“I am convinced that if you look at Theresa May’s track record she will begin to backslide on Brexit and when she does, when she begins to barter away fisheries, when there’s some sort of deal on freedom of movement, when we pay some sort of divorce bill, people will feel let down, betrayed, and all of those people who voted Leave on June 23rd will come back to UKIP in their droves.”

So is he himself in it for the long haul? “Yeah, I’ve got a lot of things to do. When I came to the job I said that I would restructure the party, rebrand the party, change how it works, professionalise and of course this general election has unfortunately come too soon for those new ways of doing things to be enacted,” he says “but there’ll be big changes at the conference in September.”

Although frank about his modest expectations on June 8, Nuttall is probably right about UKIP gaining a second wind if the government’s hard line on Brexit wavers. And whatever happens, Labour clearly has an enduring problem winning over UKIP-inclined, Brexit supporting social conservatives in many places like Little Lever. Is it a terminal situation?

Kevin Meagher is associate editor of  Uncut

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9 Responses to “Campaign frontline: Despite its short term woes, UKIP hopes to bounce back”

  1. Tafia says:

    BREXIT has pulled the rug out from under UKIP’s feet. It now needsto find a new Casus belli or it will shrivel to irrelevance (bit like Labour are doing LOL)

  2. Anne says:

    Have to disagree with you Kevin – UKIP is history – there is no point to their existence.

  3. steve says:

    “… his plummy accent and Barbour jacket giving him away as a UKIP staffer.”

    So that’s where all those feverishly ambitious New Labour SpAds went.

  4. John Reid says:

    See how the Rotherham child abuse in the future, labours appeasing of Islams homophobia and sexism for votes ,plays out, it might appear minimal while FGM doesn’t affect white girls or the cops stop , many terror plots, but if the police didn’t stop them, and it appeared labour were
    Letting communities turn a blind eye to it, and the Tories had cut the police, so stabbings are going up,as is child abuse

    I’m sure Ukip would have a new cause

  5. buttley says:

    …..”Skilled manual workers, not middle class professionals.”

    From the 2001 census.

    The working population of Little Lever was 8000 out of 12000 odd residents.

    Managerial/administrative (Classes AB & C1) 4,200

    Skilled manual workers (Class C2) 1,900

    Semi skilled/unskilled manual (Class C2) 1,900

  6. madasafish says:

    “Like most Lancastrians, Phil takes people as he finds them and respects hard work. Could he ever be tempted back to Labour? “No chance”. Corbyn is “an idiot” who “acts like he’s already given up.””

    My morning walk today took me through the local country park where I encountered two OAPs. We always briefly stop and chat. They were scathing about Miliband in 2015 and are a useful gauge of OAP opinion..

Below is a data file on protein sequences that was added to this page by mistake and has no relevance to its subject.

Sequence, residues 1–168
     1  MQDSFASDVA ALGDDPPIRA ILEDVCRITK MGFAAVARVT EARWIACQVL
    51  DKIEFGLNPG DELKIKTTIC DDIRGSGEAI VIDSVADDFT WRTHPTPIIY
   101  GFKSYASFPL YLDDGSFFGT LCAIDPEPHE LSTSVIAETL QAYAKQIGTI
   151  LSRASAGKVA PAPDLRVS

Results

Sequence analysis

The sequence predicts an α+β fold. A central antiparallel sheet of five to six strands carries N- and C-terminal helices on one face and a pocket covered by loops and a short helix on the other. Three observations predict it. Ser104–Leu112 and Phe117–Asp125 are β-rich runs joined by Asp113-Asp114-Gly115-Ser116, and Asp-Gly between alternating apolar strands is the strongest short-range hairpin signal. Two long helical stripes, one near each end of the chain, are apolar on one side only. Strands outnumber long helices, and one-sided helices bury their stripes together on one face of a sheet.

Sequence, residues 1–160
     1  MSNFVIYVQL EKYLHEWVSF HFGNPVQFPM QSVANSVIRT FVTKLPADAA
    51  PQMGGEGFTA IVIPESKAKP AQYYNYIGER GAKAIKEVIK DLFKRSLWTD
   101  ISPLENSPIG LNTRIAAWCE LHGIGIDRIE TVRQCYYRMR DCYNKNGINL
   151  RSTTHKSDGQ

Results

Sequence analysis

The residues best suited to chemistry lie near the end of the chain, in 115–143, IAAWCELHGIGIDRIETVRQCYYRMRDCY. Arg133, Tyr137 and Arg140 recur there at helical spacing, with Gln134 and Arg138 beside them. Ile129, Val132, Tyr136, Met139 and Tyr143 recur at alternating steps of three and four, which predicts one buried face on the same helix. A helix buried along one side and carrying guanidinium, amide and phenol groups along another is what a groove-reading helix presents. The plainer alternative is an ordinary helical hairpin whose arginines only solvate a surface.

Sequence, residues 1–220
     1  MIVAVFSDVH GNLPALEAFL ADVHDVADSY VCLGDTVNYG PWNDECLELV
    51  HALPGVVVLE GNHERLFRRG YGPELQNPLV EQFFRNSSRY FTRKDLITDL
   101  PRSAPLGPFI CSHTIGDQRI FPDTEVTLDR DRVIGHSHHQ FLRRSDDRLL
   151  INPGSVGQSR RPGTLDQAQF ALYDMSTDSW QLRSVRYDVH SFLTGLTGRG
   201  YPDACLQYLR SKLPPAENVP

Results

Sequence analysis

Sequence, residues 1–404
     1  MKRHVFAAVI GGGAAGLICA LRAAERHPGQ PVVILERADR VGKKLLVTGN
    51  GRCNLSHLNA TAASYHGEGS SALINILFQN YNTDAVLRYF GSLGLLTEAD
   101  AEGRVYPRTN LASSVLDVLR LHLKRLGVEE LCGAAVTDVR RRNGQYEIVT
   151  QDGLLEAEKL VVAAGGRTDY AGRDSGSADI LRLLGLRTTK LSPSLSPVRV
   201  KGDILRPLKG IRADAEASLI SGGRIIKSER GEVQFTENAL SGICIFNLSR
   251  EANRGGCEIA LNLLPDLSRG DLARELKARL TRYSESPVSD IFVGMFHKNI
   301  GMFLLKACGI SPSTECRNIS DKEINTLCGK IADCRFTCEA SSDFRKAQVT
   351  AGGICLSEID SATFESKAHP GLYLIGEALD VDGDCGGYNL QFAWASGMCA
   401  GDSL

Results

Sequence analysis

Their words were similar to those expressed above but rather more forceful .

    Our constituency was Labour in 1997 with a majority of around 5,000 votes. It is now safe Tory with a majority of 10,000 (doubled in 2015).

    To form a Government Labour have to win seats like ours. Not a hope for the next 15 years . Labour will need a modern all inclusive approach and have to stop calling voters “evil, bigots” and other incendiary rubbish when they vote Tory..(which is now the majority party).. Which basically means the entire Shadow Cabinet needs to go .

    Any Party which votes for a Leader like Corbyn has the wrong approach to voters…It will take at least a decade to recover assuming it drops him on 9th June.. which appears unlikely.

  7. paul barker says:

    Why are Labour Centrists & The BBC so obsessed with UKIP ?
    I remember that last year I kept telling people thay UKIP would lose most of their seats come May 2017, in fact they lost all their seats, every last one.
    They havent updated their Membership figures since last November, at which point they were dropping like a stone. They probably have less members in The UK than The Libdems have in London.
    Since The Election was called their Polling average on Britain Elects has halved to below 6%.
    UKIP arent dead but they are utterly irrelevant.

  8. john P Reid says:

    Why are we obsessed, because those voters are now Tory voters ans before they were Ukip, they were labour voters,and the reason they’re ex labour voters mis because we(labour) are full of white middle clsss liberals telling the wo king class what morals to have, and why they’re thick,and they should get a education via a system we’ve told them to have so they can be more like us,and that’s why they dont vote for us

  9. Tafia says:

    john P Reid – well said.